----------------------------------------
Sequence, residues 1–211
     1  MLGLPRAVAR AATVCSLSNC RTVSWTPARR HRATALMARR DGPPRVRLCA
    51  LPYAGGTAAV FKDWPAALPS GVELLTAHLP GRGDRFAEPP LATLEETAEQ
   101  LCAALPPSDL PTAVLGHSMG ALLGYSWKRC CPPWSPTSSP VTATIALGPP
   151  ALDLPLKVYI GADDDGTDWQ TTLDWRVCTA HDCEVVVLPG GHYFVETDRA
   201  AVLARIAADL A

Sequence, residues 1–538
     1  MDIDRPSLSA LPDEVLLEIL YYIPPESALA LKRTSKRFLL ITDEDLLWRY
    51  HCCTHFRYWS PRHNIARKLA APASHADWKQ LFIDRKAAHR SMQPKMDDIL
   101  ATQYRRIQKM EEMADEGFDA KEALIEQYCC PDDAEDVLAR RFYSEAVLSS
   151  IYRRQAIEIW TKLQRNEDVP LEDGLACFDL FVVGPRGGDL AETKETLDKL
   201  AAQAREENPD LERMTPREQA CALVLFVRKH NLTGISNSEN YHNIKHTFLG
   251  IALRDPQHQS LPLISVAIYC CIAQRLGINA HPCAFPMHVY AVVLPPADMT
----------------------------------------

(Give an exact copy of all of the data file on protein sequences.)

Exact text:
Sequence, residues 1–211
     1  MLGLPRAVAR AATVCSLSNC RTVSWTPARR HRATALMARR DGPPRVRLCA
    51  LPYAGGTAAV FKDWPAALPS GVELLTAHLP GRGDRFAEPP LATLEETAEQ
   101  LCAALPPSDL PTAVLGHSMG ALLGYSWKRC CPPWSPTSSP VTATIALGPP
   151  ALDLPLKVYI GADDDGTDWQ TTLDWRVCTA HDCEVVVLPG GHYFVETDRA
   201  AVLARIAADL A

Sequence, residues 1–538
     1  MDIDRPSLSA LPDEVLLEIL YYIPPESALA LKRTSKRFLL ITDEDLLWRY
    51  HCCTHFRYWS PRHNIARKLA APASHADWKQ LFIDRKAAHR SMQPKMDDIL
   101  ATQYRRIQKM EEMADEGFDA KEALIEQYCC PDDAEDVLAR RFYSEAVLSS
   151  IYRRQAIEIW TKLQRNEDVP LEDGLACFDL FVVGPRGGDL AETKETLDKL
   201  AAQAREENPD LERMTPREQA CALVLFVRKH NLTGISNSEN YHNIKHTFLG
   251  IALRDPQHQS LPLISVAIYC CIAQRLGINA HPCAFPMHVY AVVLPPADMT